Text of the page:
"Okay. So at this point I'm going to pull out the binder," Szaky said, referring to a one-and-a-half-inch-thick binder filled with press clippings, with all mentions of Wal-Mart highlighted in yellow. He was making the case that TerraCycle brings Wal-Mart good press, and he clicked to a slide that showed a newspaper clip headlined "Marietta Wal-Mart helping with charity," which discussed how TerraCycle and Wal-Mart rewarded schoolchildren for recycled bottles.

Then, to illustrate that TerraCycle attracts new shoppers to Wal-Mart, Szaky showed a video of him talking at a Canadian college. He asked who in the room liked Wal-Mart, and no one raised a hand. He then talked about TerraCycle and showed attendees saying it made them think differently about Wal-Mart, and yes, they'd shop at Wal-Mart now. Emmons gave a big smile and nod. As the presentation continued, Szaky pulled out the mix itself, then a tomato plant grown with it to show how well it works. Szaky's slides are simple, but his lively chatter made the presentation energetic; he seemed so taken by the potting mix that the listeners became interested in it, too.

Szaky's zeal extended to the details of how they'd price the mix. Emmons didn't think TerraCycle's suggested price of $4.97 would work. Wal-Mart disperses its pricing among specific price points, Emmons explained. It generally avoids .95s and .99s, both because other retailers like Target and Kmart use them and because it doesn't think their shoppers are fooled by those prices. The .97s had lately been added to the list, Emmons said. He suggested $4.88, which Szaky liked--"Doesn't it feel like every penny is being squeezed?" After punching some numbers into the calculator, Smith agreed they could afford the cut. They'd use the fact that their slide still said .97 as a selling point--Szaky would say they'd been working on the price and had managed to knock it down.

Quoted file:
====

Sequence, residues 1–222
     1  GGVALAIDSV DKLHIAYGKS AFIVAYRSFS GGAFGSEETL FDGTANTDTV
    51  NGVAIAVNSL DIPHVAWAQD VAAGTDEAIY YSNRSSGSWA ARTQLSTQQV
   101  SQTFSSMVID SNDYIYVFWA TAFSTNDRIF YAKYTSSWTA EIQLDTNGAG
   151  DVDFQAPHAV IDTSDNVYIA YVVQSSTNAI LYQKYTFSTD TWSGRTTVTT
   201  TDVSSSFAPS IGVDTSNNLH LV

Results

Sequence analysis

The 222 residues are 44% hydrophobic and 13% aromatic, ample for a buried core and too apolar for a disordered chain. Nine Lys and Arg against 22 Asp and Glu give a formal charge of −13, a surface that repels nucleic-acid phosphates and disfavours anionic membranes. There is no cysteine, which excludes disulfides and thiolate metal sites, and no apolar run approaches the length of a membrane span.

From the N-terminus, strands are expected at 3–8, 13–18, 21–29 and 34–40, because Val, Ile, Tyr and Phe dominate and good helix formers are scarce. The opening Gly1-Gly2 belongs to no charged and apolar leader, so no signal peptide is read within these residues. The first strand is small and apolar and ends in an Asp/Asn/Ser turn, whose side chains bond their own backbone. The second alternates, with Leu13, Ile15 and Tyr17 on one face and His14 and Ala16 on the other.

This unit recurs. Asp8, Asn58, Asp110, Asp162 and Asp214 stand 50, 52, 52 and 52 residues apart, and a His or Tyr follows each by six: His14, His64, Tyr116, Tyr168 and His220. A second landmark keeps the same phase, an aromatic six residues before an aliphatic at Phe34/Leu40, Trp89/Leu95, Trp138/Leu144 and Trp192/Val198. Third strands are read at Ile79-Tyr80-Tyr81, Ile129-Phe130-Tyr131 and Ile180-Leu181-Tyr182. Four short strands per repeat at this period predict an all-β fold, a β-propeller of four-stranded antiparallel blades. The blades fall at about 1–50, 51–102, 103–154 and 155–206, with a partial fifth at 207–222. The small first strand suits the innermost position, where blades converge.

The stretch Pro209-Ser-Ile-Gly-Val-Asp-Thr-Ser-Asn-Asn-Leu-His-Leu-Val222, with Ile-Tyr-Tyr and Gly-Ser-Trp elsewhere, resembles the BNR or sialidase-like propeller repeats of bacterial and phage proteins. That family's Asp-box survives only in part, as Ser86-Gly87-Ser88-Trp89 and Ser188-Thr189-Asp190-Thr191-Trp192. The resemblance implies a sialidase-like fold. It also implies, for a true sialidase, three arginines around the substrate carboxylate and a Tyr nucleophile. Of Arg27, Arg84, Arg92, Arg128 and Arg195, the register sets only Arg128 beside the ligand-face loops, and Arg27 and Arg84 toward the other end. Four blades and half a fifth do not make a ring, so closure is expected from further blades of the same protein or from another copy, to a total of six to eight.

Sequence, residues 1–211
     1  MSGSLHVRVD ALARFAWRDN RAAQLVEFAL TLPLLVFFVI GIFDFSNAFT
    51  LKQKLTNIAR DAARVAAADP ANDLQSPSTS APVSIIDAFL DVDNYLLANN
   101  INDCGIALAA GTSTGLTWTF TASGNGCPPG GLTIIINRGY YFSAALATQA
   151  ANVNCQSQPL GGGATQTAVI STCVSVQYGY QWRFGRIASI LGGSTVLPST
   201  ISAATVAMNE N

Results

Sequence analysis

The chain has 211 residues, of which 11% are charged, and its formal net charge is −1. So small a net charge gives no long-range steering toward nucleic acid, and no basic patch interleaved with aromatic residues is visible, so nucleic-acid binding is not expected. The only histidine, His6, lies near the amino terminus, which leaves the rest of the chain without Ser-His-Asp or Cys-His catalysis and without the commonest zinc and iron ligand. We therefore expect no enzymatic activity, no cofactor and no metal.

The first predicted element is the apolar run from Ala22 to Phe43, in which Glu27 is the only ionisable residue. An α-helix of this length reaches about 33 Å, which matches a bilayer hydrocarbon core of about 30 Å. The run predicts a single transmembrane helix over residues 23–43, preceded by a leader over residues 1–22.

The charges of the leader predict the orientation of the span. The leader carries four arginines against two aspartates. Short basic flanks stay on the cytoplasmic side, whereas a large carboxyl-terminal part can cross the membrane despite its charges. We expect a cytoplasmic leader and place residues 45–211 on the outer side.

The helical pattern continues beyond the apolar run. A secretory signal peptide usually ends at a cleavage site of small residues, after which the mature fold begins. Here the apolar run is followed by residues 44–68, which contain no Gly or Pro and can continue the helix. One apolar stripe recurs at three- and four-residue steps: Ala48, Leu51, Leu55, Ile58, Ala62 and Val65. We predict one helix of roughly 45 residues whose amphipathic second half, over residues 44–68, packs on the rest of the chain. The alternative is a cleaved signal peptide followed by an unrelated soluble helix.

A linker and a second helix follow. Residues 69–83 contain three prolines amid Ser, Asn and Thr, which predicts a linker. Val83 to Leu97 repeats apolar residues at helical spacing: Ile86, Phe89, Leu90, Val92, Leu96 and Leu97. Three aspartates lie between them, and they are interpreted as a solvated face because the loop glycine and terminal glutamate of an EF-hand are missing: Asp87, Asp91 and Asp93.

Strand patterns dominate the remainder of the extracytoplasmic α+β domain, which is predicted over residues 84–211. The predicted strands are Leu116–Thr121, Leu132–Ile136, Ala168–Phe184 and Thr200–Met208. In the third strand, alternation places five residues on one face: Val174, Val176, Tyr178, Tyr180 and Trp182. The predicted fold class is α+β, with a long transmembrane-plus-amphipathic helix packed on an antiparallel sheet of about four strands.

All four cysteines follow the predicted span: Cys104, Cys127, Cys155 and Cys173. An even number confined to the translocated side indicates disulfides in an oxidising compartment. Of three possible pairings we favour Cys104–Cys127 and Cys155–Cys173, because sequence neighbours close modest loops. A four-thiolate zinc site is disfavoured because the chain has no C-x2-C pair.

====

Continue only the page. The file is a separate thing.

The actual presentation took place in a one-story Wal-Mart building with low ceilings, dim lighting, Fox News on a TV overhead, cheap-looking maroon chairs, and two ATMs. It looked more like an underused regional airport than the nexus of American commerce. As 2 p.m. approached and one group of salesmen headed out, dropping their orange supplier badges in the depository, another group--including Szaky, Smith, and Emmons--clipped on their badges and headed in. Inside a tiny, plain room, they rolled through the presentation as planned, making note of the buyer's concerns and questions. When the three men emerged an hour later, they strode directly to a table in the waiting room. One of Smith's tasks during all pitches is to watch the buyer and note whenever he looks bored or disengaged and to bring those observations to an immediate postmortem. Szaky picked apart what had gone well and what had gone badly. The buyer had seemed bored by a video clip discussing how Wal-Mart is embracing sustainability. Szaky also castigated himself for not preparing a merchandising mockup to show what a display might look like, something the buyer had requested during the meeting. Smith was nervous that the buyer didn't commit then and there, but Szaky saw it differently: "I think he's sold on the brand; his objections were more, go figure this out for me so I can say yes."

Within three minutes of walking out of the Wal-Mart building, Szaky was on his cell and his BlackBerry working on the merchandising mockup. Two weeks later, Wal-Mart agreed to do a test in 100 stores.

Stephanie Clifford is a senior writer.